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When you are working your way, with the youngsters, through a long
investigation it can be extremely useful to see how certain people
work  their route  if you like. I've found that one very healthy
route has been something like this, for example, when working on
The Big Cheese:
 Start with practical  get results from the first block.
 Explore other blocks and then realise you are covering very
similar, if not the same, results.
 Ask questions like:

 what about the surface area of the slices?
 what about the surface area of the remaining block after each
cut?
 what about the sizes of all the eventual slices?
 Tabulate the results  from simply writing them down in a line
to sophisticated spreadsheets.
 Explore the things in the table. This is where you are really
having a new branch of the investigation by exploring a set of
numbers from the table in their own right  probably forgetting
where they've come from.
For example,
You may look at the sizes of all the slices that came from the $5$
by $5$ block: $1, 1, 2, 4, 4, 6, 9, 9, 12, 16, 16, 20, 25$
Perhaps you notice the square numbers that are here. They come
together in twos. When you add them to the adjacent nonsquare
number you get a triangular number. In truly investigative mode, we
ask WHY?
This is where we should try moving
from this set of numbers we found in the table back to the
practical  looking at whereh these numbers came from and getting
diagrams to help.
So we move from the arithmetic exploration to playing around
with the practical again.
I shall show the practical in diagrammatic form.
Here we have the $9$ and the $12$ slices.
Now the $12$ can be split:
These two triangular pieces could move onto the $3$ by $3$
square.
So the $9$ and the $12$ happily went together to form $21$  a
triangular number!
Now let's try the same with the $12$ and the $16$. Here are
the four stages.
So practically we can appreciate the joining of each square
number with the adjacent nonsquare number to form a triangular
number.
Appreciating this practically helps many pupils to gain a better
realisation of the relationship between these two sets of
numbers.
Having come away from the table of results and explored some
relationships practically we could end there, BUT if the group have
an opportunity to go back then, with greater confidence now, they
can ask further questions. I would recommend that you invite the
youngsters to ask the kind of questions that would lead to more
exploration, more calculations AND maybe back to the practical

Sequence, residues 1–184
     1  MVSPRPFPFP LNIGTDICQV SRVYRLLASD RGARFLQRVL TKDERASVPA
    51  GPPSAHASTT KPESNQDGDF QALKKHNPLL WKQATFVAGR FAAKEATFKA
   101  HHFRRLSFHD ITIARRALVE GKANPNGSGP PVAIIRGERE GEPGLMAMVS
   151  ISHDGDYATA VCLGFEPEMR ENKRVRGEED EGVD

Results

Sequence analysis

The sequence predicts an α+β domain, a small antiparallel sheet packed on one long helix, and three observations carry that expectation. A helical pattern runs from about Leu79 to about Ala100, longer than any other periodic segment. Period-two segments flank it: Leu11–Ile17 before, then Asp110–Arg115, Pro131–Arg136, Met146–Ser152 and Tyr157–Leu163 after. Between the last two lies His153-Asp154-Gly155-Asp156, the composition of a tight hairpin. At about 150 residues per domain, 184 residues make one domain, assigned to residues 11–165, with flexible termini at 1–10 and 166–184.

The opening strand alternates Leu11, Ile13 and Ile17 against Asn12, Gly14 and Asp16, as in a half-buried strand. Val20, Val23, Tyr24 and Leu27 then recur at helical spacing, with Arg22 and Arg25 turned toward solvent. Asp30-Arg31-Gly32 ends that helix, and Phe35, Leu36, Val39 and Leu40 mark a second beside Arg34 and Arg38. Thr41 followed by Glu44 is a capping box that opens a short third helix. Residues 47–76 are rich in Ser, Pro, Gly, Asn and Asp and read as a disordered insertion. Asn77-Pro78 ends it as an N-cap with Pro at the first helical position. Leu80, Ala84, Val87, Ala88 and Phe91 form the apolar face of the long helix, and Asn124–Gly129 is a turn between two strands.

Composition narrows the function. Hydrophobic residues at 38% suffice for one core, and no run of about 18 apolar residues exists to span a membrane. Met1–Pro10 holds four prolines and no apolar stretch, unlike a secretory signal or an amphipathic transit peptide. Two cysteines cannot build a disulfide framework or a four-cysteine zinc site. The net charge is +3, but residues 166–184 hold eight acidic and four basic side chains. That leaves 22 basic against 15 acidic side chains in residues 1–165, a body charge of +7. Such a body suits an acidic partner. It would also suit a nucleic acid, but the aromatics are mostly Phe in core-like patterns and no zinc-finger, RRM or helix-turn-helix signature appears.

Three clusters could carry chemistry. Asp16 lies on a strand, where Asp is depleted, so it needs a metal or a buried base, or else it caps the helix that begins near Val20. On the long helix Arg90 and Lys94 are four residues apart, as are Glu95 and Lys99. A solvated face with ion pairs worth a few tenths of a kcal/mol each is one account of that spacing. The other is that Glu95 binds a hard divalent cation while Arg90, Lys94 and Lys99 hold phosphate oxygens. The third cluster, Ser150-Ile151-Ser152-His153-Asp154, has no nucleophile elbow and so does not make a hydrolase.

again. An example might be;
"What's the suface area when we start with a $5$ by $5$ by $5$
cube?" [$150$]
"After the first slice [a $5$ by $5$ by $1$] is taken, what's the
total surface area of the two pieces?"
[Well the starting cube is now only $5$ by $5$ by $4$ and so has a
surface area of $130$ and the slice is $5$ by $5$ by $1$ and so has
a surface area of $70$, giving a total of $200$! $\ldots$]
Sometimes when doing investigations we are very practical and find
all we need to without having to go into complicated arithmetic.
BUT what happens when trying the "
Brush Loads
" investigation?
Suppose you go along the route of finding the smallest surface
areas for different numbers of cubes. The discovery is usually made
 see activity notes  that the shapes have to be flat. So let's
look at some of the answers shown in plan view:
Now, as mentioned in the notes for this activity, children count
the squares on the surface in different ways. Those who settle for
viewing from the four sides and then adding the top sometimes have
found out that they only have to consider, in these examples, two
adjacent sides.
The two adjacent sides are viewed and then added and doubled.
Finally the number on the top  the number of cubes  is added
on.
Looking at the examples above we have:
9 cubes give 3 + 3 doubled + 9 = 12 + 9 = 21
10 cubes give 3 + 4 doubled + 10 = 14 + 10 = 24
11 cubes give 3 + 4 doubled + 11 = 14 + 11 = 25
12 cubes give 3 + 4 doubled + 12 = 14 + 12 = 26
13 cubes give 4 + 4 doubled + 13 = 16 + 13 = 29
14 cubes give 4 + 4 doubled + 14 = 16 + 14 = 30
15 cubes give 4 + 4 doubled + 15 = 16 + 15 = 31
16 cubes give 4 + 4 doubled + 16 = 16 + 16 = 32
Now the patterns and arithmetic can be explored further
according the the abilities of the youngsters involved. I could
imagine some pupils being able to talk about a sort of formula that
would be a kind of generalisation.
So let's be clear that when working practically we may need to
explore what's going on arithmetically and when working
arithmetically we may need to explore what's going on
practially.